I have no greater joy than to hear that my children are walking in the truth.3 John 1:4

African-American Heritage

Upcoming Events/Announcements

Stay tuned for upcoming events/announcements from the African American Heritage Ministry.

Suggested Reading List

Edwin Blum and Paul Harvey:   “The Color of Christ:  The Son of God sand Saga of Race in America”

James Baldwin: “Collected Essays: Note of the Native Son /Nobody Knows My Name/The Fire Next Time/ No Name in the Street/ The Devil Finds Work”

Colson Whitehead: “The Underground Railroad”

Jesmym Ward: “The Fire This Time: A New Generation Speaks about Race”

Ralph Ellison: “Invisible Race”

Michelle Alexander: “The New Jim Crow”

Ta-Nehisi Coates: “Between the World and Me”

Bryan Stevenson: “Just Mercy”

Carter G. Woodson: “The Mis-Education of the Negro”

W.E.B. Dubois: “The Souls of Black Folks”

Ta-Nejisa Coates: “The Beautiful Struggle”

Laila Ibrahim: “Yellow Moore”

Cynthia Bond: “Ruby”

Henry Hampton and Steve Fayeer: “Voices of Freedom” (Companion to the acclaimed TV series “Eye on the Prize”)

James Oliver Horton and Lois E. Hilton: “Slavery and the Making of America”

October 31, 1957

Officers of NAACP arrested in Little Rock for failing to comply with a new financial disclosure ordinance. Parents of the Little Rock Nine are pressured to withdraw their children from the "white" school. They are threatened with death. Four loose their jobs. But they stand tall and none back down. Applying a tactic used across the South to attack the NAACP, the Little Rock city council orders the arrest of Daisy Bates and other NAACP leaders for refusing to turn over NAACP membership lists and financial data to a government agency (who will then pass it on to the White Citizens Council for economic retaliation).

October 30, 1954

Desegregation of the U.S. Armed Forces said to be complete.

October 29, 1968

Tommie Smith and John Carlos raise their fists to symbolize black power and unity after winning the gold and bronze medals, respectively, at the 1968 Summer Olympic Games.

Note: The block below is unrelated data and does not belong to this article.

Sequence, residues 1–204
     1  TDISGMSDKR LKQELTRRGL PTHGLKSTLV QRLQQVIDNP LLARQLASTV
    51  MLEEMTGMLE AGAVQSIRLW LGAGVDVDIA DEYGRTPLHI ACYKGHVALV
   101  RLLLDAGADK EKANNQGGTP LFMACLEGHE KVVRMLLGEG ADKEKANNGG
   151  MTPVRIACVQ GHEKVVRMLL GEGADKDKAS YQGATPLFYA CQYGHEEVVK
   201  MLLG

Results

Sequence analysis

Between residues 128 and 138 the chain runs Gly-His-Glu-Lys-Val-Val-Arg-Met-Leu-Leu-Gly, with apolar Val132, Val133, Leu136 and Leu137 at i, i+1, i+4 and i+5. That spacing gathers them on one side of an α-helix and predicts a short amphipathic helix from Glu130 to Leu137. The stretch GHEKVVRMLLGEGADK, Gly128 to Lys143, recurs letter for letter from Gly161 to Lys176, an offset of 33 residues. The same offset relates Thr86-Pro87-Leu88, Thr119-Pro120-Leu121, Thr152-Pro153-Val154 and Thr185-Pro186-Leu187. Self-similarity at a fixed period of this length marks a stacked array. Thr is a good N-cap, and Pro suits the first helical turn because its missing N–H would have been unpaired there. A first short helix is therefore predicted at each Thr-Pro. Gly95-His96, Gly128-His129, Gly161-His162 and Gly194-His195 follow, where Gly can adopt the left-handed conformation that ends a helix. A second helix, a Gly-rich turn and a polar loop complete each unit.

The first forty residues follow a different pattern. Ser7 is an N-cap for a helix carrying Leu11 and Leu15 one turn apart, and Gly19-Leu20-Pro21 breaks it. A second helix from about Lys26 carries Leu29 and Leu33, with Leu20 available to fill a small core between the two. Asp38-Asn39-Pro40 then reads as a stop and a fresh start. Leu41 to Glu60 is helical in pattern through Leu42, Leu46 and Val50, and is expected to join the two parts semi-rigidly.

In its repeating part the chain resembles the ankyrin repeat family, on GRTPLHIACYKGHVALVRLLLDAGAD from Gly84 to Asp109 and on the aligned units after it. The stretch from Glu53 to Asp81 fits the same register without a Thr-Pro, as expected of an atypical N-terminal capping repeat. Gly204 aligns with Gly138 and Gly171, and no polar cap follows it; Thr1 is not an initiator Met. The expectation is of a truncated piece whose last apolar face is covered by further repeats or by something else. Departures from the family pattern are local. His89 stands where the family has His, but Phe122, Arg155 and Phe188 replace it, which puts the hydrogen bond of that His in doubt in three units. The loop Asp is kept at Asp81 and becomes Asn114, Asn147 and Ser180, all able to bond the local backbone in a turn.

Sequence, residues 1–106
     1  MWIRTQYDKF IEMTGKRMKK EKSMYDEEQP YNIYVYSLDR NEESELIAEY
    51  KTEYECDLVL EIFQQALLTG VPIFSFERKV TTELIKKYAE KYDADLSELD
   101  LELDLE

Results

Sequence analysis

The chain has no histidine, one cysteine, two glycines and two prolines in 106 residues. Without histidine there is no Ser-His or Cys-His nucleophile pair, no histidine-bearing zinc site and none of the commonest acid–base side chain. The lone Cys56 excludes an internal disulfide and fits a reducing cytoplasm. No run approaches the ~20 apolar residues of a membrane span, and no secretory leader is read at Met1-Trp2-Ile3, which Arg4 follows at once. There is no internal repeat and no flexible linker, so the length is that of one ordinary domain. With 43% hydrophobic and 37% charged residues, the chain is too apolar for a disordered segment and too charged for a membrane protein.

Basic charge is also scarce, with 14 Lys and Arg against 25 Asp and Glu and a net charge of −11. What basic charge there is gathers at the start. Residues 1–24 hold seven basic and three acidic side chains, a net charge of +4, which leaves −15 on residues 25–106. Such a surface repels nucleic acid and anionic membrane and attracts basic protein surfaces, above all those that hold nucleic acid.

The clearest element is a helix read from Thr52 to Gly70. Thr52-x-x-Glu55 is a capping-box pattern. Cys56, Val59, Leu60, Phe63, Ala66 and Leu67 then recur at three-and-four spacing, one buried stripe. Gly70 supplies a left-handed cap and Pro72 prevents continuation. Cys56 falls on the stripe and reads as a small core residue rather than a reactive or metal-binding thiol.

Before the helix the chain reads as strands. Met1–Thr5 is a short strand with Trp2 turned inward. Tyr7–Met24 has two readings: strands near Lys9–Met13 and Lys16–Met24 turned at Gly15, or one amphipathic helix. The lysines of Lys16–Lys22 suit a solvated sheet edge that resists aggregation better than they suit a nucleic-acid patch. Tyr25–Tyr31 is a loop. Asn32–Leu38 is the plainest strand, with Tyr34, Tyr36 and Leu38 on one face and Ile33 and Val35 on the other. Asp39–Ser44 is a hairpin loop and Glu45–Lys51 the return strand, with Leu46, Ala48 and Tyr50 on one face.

October 29, 1969

The U.S. Supreme Court in Alexander v. Holmes County Board of Education orders immediate desegregation of public schools, signaling the end of the "all deliberate speed" doctrine established in Brown II.

October 28, 1830

Josiah Henson, a slave who fled and arrived in Canada, is an author, abolitionist, minister and the inspiration behind the book Uncle Tom's Cabin.

October 26, 1911

Mahalia Jackson was a legendary Gospel singer in the 20th century, born on October 26, 1911 in New Orleans, Louisiana. Often referred to as the ‘Queen of Gospel’, Jackson was revered as an outstanding singer and civil rights activist. Her career spanned 45 years, and in that time, she recorded close to 30 music albums out of which she had almost a dozen Gold-plated sellers. Her fascination with the Blues stemmed from a deep-rooted need to be free and to promote the idea of freedom and hope.

October 25, 2005

Rosa Parks dies at age 92. Her solitary action spearheaded the Montgomery bus boycott in 1955. Her body lies in state in the Capitol Rotunda in Washington, D.C. before interment.

October 25, 1958

• Ten thousand students, led by Jackie Robinson, Harry Belfonte and A. Phillip Randolph, participated in the Youth March for Integrated Schools in Washington. Daisy Bates, head of the Arkansas chapter of the NAACP, and the nine students who integrated Little Rocks's Central High School were awarded the Spingarn Medal for their courage and leadership in the civil rights struggle.

October 23, 1962

FBI begins Communist Infiltration (COMINFIL) investigation of SCLC.

October 20, 1946

• On October 20, 1946, seventy-eight year old W.E.B Du Bois delivered the address at the closing session of the Southern Youth Legislature in Columbia South Carolina. Although this was one of his last major orations, he used the occasion to inspire his audience to continue the struggle for racial justice to which he had devoted his life.

October 20, 1942

Sixty leading Southern Blacks issued "Durham Manifesto" calling for fundamental changes in race relations after a Durham, North Carolina, meeting.

October 20, 1958

Thirteen blacks arrested for sitting in front of bus in Birmingham.

October 19, 1960

Dr. King and fifty others arrested at sit-in at Atlanta's Rich's Department Store.

October 16, 1995

Million Man March in Washington, D.C., co-initiated by Louis Farrakhan and James Bevel.

October 15, 2005

The Millions More Movement holds a march in Washington D.C. The march was open to men, women, and children and focused on creating lasting relationships between participating individuals, faith-based organizations, and community institutions. The movement only rallied a few thousand protesters and was seen as a disappointment.

October 10, 1871

Octavius Catto, a civil rights activist, is murdered during harassment of blacks on Election Day in Philadelphia.

October 9, 1957

Florida legislature votes to close any school if federal troops are sent to enforce integration.

October 8, 1958

A Federal judge in Harrisonburg, VA rules that public money may not be used for segregated private schools.

October 6, 2009

Judge Keith Bardwell refuses to officiate an interracial marriage in Louisiana.

October 4, 1953

Student demonstrations take place against integration of Washington, DC public schools.

October 2, 1953

Thurgood Marshall is sworn in, and becomes the first Black Supreme Court Justice, October 2, 1967.

October 1, 1962

Leflore County Supervisors cut off surplus food distribution in retaliation against a local voter registration drive.